I am not Polish. My family’s background is primarily English and Irish. But as I had a step-great-grandfather who was Hungarian and thoroughly enjoyed Polish foods, I learned to love perogies. I still remember standing on a kitchen chair at my great-grandfather’s home with Nanny, my great-grandmother, helping her make perogies. My job was to cut the dough using an upturned glass to cut perfect circles.
I loved her perogies. And although I hadn’t really had much in the way of Polish or Hungarian food since, I think I simply “got a taste for it” when I was a small child thanks to my great-grandfather’s love of these potato and cheese dumplings.
Is this posting about perogies? Nah. But it’s about another Polish dish: haluski. From what I understand, this is a dish that is typically made with egg noodles, bacon of some description or another, onions and shredded cabbage and it’s all sauteed up together. I first saw it on Diners, Drive-Ins and Dives and have seen Guy Fieri’s version of haluski online. But when I first saw it on Triple D, I thought that I just had to try it.
Unfortunately, again, I cannot eat anything with onion in it right now. So I thought that maybe I could make my own rendition of this, without the onion. I know that it wouldn’t be authentic at that point and that it probably couldn’t even be called haluski at that point, but I don’t cook for others’ tastes — I cook for my own. Here’s what I did…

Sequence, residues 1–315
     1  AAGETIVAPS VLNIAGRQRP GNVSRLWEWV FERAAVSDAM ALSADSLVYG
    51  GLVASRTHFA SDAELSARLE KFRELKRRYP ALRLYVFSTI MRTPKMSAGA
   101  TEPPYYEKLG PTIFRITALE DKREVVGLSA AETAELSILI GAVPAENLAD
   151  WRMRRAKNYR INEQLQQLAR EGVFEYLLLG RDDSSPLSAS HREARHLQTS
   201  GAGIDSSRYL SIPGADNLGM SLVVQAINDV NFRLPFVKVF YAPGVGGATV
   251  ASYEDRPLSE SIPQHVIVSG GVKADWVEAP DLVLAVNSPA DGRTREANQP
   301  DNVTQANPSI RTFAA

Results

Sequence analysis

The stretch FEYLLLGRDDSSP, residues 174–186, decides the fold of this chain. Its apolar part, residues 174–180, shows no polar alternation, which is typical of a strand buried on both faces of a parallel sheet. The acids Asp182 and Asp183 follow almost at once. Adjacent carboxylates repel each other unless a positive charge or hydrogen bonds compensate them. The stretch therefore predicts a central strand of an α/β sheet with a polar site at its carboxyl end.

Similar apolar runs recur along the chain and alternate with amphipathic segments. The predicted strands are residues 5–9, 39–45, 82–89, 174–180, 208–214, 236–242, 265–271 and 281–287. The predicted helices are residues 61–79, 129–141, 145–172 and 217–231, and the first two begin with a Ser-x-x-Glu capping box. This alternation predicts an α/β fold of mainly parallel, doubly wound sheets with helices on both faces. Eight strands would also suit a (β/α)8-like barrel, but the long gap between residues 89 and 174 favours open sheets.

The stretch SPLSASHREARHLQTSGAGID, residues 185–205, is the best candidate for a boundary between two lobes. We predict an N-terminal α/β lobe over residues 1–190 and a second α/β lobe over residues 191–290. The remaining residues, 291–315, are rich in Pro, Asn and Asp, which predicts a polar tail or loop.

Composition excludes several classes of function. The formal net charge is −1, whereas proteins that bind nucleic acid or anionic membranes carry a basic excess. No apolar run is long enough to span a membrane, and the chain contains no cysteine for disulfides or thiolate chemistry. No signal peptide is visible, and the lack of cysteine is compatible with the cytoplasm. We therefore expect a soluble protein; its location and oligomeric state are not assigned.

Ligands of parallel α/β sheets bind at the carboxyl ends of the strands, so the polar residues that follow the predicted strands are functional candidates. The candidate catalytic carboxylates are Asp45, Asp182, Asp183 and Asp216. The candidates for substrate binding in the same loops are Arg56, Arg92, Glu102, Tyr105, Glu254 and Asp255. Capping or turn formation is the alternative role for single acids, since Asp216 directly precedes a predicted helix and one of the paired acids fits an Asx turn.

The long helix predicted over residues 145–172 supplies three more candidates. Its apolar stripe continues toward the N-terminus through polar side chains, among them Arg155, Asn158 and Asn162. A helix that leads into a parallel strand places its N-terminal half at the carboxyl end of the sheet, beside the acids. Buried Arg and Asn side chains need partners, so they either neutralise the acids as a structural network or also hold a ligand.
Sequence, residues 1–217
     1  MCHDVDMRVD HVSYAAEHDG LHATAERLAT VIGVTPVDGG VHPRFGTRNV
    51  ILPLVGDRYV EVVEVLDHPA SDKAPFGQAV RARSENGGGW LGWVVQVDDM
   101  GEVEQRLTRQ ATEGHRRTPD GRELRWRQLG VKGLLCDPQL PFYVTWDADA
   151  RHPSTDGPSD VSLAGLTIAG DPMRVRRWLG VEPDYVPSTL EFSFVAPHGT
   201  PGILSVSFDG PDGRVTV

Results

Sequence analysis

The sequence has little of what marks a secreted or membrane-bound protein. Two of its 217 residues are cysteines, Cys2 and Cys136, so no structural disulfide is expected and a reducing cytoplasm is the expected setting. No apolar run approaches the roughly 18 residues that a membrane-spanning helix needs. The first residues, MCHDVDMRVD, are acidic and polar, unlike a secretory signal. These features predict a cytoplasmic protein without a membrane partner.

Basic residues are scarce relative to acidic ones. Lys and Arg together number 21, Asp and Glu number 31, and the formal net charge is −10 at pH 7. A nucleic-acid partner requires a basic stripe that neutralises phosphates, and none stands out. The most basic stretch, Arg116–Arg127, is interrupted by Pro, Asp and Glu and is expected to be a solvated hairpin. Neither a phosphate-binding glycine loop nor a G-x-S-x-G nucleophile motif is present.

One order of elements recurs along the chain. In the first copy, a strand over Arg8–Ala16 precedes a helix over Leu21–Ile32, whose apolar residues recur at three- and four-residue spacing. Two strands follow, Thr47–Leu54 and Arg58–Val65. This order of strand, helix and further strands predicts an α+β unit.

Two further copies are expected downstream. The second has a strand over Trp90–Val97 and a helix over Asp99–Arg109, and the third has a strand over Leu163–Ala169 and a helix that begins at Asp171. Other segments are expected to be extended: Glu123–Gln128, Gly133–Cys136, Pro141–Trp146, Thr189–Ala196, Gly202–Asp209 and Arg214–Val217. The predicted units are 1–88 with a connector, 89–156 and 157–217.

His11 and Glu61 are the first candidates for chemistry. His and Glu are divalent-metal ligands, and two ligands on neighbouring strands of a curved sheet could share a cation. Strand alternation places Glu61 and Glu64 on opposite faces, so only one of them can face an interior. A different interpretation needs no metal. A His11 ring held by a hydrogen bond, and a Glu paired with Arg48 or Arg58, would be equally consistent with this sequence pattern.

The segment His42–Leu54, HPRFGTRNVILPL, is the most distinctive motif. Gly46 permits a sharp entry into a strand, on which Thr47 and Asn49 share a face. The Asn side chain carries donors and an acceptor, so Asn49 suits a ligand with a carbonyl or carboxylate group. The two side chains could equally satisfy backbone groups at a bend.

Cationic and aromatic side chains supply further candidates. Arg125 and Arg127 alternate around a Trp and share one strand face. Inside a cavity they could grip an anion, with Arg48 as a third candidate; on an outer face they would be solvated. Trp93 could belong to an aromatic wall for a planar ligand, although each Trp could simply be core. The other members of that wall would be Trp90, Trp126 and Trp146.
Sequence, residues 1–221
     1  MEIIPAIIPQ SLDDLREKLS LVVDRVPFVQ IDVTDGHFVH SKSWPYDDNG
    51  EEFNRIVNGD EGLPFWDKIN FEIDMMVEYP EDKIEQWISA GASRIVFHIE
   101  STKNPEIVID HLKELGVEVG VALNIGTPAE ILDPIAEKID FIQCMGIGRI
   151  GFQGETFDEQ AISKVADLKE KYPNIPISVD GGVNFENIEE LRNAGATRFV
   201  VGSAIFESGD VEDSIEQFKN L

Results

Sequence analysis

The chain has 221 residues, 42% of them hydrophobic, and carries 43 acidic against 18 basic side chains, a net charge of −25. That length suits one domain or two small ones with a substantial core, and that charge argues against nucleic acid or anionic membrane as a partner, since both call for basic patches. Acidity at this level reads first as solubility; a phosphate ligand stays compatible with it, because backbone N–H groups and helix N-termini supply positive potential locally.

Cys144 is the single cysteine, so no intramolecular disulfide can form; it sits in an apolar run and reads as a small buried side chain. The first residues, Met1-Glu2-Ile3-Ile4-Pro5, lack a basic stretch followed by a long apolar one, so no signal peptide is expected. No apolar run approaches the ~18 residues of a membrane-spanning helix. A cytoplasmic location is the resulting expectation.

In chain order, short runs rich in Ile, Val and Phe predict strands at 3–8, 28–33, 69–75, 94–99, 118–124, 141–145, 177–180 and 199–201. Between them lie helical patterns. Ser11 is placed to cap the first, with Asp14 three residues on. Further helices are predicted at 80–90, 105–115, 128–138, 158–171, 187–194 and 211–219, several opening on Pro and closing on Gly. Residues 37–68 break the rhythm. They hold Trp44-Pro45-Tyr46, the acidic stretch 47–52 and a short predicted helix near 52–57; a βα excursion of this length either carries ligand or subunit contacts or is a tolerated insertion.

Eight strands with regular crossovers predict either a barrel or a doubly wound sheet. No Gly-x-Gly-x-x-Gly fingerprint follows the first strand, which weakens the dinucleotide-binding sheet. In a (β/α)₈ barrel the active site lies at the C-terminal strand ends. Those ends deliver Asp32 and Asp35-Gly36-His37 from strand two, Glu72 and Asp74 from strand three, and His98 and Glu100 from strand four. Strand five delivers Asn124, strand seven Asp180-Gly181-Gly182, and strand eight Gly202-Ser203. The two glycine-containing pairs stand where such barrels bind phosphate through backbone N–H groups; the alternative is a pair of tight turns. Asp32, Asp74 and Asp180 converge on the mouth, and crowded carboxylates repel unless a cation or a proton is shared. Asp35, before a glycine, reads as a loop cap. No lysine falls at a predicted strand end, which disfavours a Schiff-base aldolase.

- 1/2 box tri-coloured pasta
- water to cook the pasta
- 3 Tbsp extra virgin olive oil
- 2 Tbsp Mrs Dash Table Blend seasoning
- 2 Tbsp onion powder
- 1 Tbsp garlic powder
- 1/2 tsp black pepper
- 1 pinch kosher salt (or to taste)
- 1 pinch season salt (optional)
- 1/2 package low sodium turkey bacon, cut into small strips
- 1/2 large green cabbage, shredded
- Bring a pot of water to a boil, then add the pasta (I just cooked up the whole box and put half in the fridge once it cooled to use in something else).
- While the noodles cook, in a wok, heat oil over a medium heat and add the seasonings. Stir these around for a moment, then add the turkey bacon.
- Cook the turkey bacon until you get the desired crispiness / brownness. Add the cabbage.
- Carefully saute the cabbage and bacon together, adding a bit more oil or even butter if it dries out (it shouldn’t, though).
- When the pasta is finished, drain it and add it to the bacon-cabbage mixture.
- Cook for a moment longer, mixing this well so the noodles are fully coated and everything is well mixed.
Note: If you use real bacon, you won’t need the olive oil. If you use onions, saute them with the bacon and seasonings, then add the cabbage after the onions begin to soften.